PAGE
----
Swartbrigg History, Family Crest & Coats of Arms

The Anglo-Saxon name Swartbrigg comes from when the family resided in an area known as Swarbrick found in the parish of Kirkham in the county of Lancashire. The surname was originally derived from the Old Norman byname svartrbrekka when translated means the dweller on the black slope. The surname Swartbrigg is a habitation name that was originally derived from pre-existing names for towns, villages, parishes, or farmsteads. The surname originated as a means of identifying individuals from a particular area.

Early Origins of the Swartbrigg family

The surname Swartbrigg was first found in Lancashire where they held a family seat. The Saxon influence of English history diminished after the Battle of Hastings in 1066. The language of the courts was French for the next three centuries and the Norman ambience prevailed. But Saxon surnames survived and the family name was first referenced in the 13th century in the area of Wimmerleigh or Wimmerley in Lancashire. [1]

Early History of the Swartbrigg family

This web page shows only a small excerpt of our Swartbrigg research. Another 80 words (6 lines of text) covering the years 1530, 1581, 1622 and 1680 are included under the topic Early Swartbrigg History in all our PDF Extended History products and printed products wherever possible.

Swartbrigg Spelling Variations

The English language only became standardized in the last few centuries; therefore, spelling variations are common among early Anglo-Saxon names. As the form of the English language changed, even the spelling of literate people's names evolved. Swartbrigg has been recorded under many different variations, including Swarbrick, Swarbrigg, Swartbrick, Swartbrigg, Swartbrecke, Swartbreck, Swartbregg, Swarbrooke and many more.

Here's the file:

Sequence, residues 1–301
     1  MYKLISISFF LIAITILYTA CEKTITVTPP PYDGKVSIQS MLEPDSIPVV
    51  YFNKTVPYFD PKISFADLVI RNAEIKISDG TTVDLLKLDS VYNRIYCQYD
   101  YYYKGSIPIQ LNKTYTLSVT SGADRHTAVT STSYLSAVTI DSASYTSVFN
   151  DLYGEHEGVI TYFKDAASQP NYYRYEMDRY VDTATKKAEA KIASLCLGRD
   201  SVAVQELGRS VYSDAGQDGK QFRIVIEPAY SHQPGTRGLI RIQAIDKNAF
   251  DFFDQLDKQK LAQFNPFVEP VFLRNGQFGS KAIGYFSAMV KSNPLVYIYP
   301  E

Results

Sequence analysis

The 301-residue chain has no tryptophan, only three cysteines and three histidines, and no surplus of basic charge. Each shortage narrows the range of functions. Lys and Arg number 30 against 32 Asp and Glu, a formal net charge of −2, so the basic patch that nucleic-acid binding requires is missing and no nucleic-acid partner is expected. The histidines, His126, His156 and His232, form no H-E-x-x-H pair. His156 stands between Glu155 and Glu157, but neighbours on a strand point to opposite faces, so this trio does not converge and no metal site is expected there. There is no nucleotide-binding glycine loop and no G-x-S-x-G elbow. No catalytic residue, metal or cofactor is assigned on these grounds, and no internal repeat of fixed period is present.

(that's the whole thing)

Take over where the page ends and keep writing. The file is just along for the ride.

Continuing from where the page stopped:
Early Notables of the Swartbrigg family (pre 1700)

More information is included under the topic Early Swartbrigg Notables in all our PDF Extended History products and printed products wherever possible.

Migration of the Swartbrigg family

For many English families, the political and religious disarray that shrouded England made the far away New World an attractive prospect. On cramped disease-ridden ships, thousands migrated to those British colonies that would eventually become Canada and the United States. Those hardy settlers that survived the journey often went on to make important contributions to the emerging nations in which they landed. Analysis of immigration records indicates that some of the first North American immigrants bore the name Swartbrigg or a variant listed above: Dorothy Swarbrooke settled in Maryland in 1661; John Swarbeck settled in Virginia in 1624 soon after the arrival of the Mayflower.



  1. ^ Bardsley, C.W, A Dictionary of English and Welsh Surnames: With Special American Instances. Wiltshire: Heraldry Today, 1901. Print. (ISBN 0-900455-44-6)


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